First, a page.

UA Intern in Driver's Seat of Mars Exploration Rover (MER)

UA Intern in Driver's Seat of Mars Exploration Rover (MER)

Chris Lewicki, was a 1993-94 Arizona Space Grant Intern, and a 1997-1999 Graduate Fellow--not to mention the first student manager of the UA Space Grant Student Satellite Program. He now serves as a member of the Mars Exploration Rovers Assembly, Test and Launch Operations team at JPL. In 2003, two new and powerful Mars "Robotic Geologists", developed by the MER team, will be sent to the red planet. With far greater mobility than the 1997 Mars Pathfinder rover, these rovers will be able to trek up to 100 meters (about 110 yards) per day across the Martian surface. These missions continue NASA's quest to understand the role of water on Mars. Chris is MER Mission Flight Director for the Impact to Egress phase. Chris is responsible for actually "steering" one of the rovers! How cool is that!?!?! For full details on this mission, along with a lot of great pictures, please go tohttp://www.jpl.nasa.gov/mer/1106_b231.cfm

View an article covering Chris's most recent trip to Arizona, where he was the featured keynote speaker for the 2005-2006 Arizona/NASA Space Grant Undergraduate Research Intern Annual Symposium! This link is featured in our articles page.

Also check out NASA's Offical Marsrover website.

From Space Grant Internship to a Post Doctoral Fellowship at Harvard Smithsonian Center for Astrophysics

From Space Grant Internship to a Post-Doctoral Fellowship at Harvard-Smithsonian Center for Astrophysics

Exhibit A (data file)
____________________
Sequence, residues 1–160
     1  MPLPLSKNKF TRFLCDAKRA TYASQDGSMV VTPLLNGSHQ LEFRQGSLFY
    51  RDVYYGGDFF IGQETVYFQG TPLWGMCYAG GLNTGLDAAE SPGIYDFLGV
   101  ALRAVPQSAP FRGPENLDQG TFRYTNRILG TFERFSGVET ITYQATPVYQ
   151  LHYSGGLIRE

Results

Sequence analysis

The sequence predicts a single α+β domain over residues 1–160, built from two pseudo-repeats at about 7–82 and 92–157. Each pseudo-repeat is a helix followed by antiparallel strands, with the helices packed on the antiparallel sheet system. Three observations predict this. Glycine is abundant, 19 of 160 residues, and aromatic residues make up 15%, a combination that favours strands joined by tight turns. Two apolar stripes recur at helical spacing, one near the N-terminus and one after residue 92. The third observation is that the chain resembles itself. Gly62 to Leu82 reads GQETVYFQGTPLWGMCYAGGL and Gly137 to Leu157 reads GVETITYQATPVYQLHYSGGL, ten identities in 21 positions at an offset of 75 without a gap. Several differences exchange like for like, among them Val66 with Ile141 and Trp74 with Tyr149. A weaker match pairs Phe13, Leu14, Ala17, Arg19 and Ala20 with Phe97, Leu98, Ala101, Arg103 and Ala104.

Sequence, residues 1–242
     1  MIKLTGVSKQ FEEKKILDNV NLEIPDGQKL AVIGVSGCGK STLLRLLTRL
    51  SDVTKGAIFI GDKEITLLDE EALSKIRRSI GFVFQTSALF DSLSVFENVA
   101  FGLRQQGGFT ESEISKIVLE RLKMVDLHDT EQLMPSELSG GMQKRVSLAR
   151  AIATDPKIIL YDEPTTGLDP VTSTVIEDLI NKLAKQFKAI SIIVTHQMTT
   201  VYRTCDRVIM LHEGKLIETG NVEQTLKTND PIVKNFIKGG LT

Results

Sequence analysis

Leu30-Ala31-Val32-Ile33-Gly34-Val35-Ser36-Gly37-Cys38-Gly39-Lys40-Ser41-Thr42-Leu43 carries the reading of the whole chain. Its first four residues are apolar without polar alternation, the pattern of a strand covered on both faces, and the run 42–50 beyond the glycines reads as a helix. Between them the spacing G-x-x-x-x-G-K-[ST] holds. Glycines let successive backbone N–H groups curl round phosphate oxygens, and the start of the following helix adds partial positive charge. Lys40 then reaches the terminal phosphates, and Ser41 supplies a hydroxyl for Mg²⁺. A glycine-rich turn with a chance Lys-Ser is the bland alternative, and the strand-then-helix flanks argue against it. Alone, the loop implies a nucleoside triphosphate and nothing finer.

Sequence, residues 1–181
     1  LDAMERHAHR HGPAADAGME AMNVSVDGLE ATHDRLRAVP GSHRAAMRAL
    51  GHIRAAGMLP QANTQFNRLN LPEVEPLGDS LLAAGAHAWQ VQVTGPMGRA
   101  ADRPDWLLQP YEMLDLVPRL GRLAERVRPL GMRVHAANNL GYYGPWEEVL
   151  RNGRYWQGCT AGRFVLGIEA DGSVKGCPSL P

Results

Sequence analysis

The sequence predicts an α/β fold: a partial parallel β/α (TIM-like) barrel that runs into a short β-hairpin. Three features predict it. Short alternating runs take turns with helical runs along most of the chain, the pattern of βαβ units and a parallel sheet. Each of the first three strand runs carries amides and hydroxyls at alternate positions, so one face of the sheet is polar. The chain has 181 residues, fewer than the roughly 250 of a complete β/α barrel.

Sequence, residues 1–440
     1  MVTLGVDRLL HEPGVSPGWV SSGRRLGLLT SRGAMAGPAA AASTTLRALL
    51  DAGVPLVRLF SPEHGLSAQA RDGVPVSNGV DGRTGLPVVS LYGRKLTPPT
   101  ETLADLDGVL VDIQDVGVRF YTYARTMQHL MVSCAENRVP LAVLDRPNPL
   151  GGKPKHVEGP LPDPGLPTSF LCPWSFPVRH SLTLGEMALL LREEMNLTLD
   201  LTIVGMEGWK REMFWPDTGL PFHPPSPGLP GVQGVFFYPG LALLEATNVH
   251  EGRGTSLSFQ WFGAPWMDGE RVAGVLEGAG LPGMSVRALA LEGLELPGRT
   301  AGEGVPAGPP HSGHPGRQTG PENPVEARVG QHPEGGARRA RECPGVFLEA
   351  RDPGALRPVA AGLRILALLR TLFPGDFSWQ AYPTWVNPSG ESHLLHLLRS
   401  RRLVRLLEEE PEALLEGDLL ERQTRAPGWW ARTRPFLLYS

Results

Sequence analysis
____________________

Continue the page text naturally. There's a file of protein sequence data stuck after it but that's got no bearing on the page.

1992-93 Intern Warren Brown, and AZSGC's first student to attend the NASA Academy at Goddard, recently reported: "I'm at the Harvard-Smithsonian Center for Astrophysics, now a post-doctoral Fellow. I'm working on some spectrographs and observing star streams (...remnants of past galaxy mergers) in the outer parts of the Milky Way. I stayed in Cambridge because of a significant other, who recently became my wife. She is of Greek descent, so it was a Big Fat Greek Wedding! We even went to Greece for the honeymoon."

Space Grant Intern Artist Helps Scientists Envision Titan

Space Grant Intern Artist Helps Scientists Envision Titan

UA Space Grant Intern Mark Robertson-Tessi, along with mentor Ralph Lorenz, have been exploring Titan, Saturn's largest satellite. Specifically, Mark's internship has involved studying the landscape of Titan, then rendering images of what the landscape may look like. Below are a few of the images, along with detailed descriptions. Click on each image to view the full-size version.

2012 - Back to Titan. An autonomous airship exploits Titan's thick atmosphere and low gravity to explore the near-surface environment. The airship communicates direct-to-Earth with a large electronically-steered phased-array antenna. Here it uses its thruster fans to hold position in the gentle breeze that is whipping up waves in an ethane lake.Having profiled the depth of the lake with a ground-penetrating radar,the airship is acquiring surface material with a tethered sample acquisition device to analyze it for prebiotic compounds.

TitanAlternate Reality. In this rendering, the Huygens probe (shape model derived from various sources) is about to splash down on the Saturn side of Titan, rather than on the antisaturn side we will actually visit. (In fact, Saturn's proximity to the horizon shows we are close to +/-80 degrees longitude : the orientation of the rings as near-vertical shows we are close to the equator. The sun's position relative to Saturn shows we are close to summer solstice, although from this image you can't tell north from south...) Titan's atmosphere really should be this transparent, at least at some wavelengths accessible to cameras, if not to the naked eye.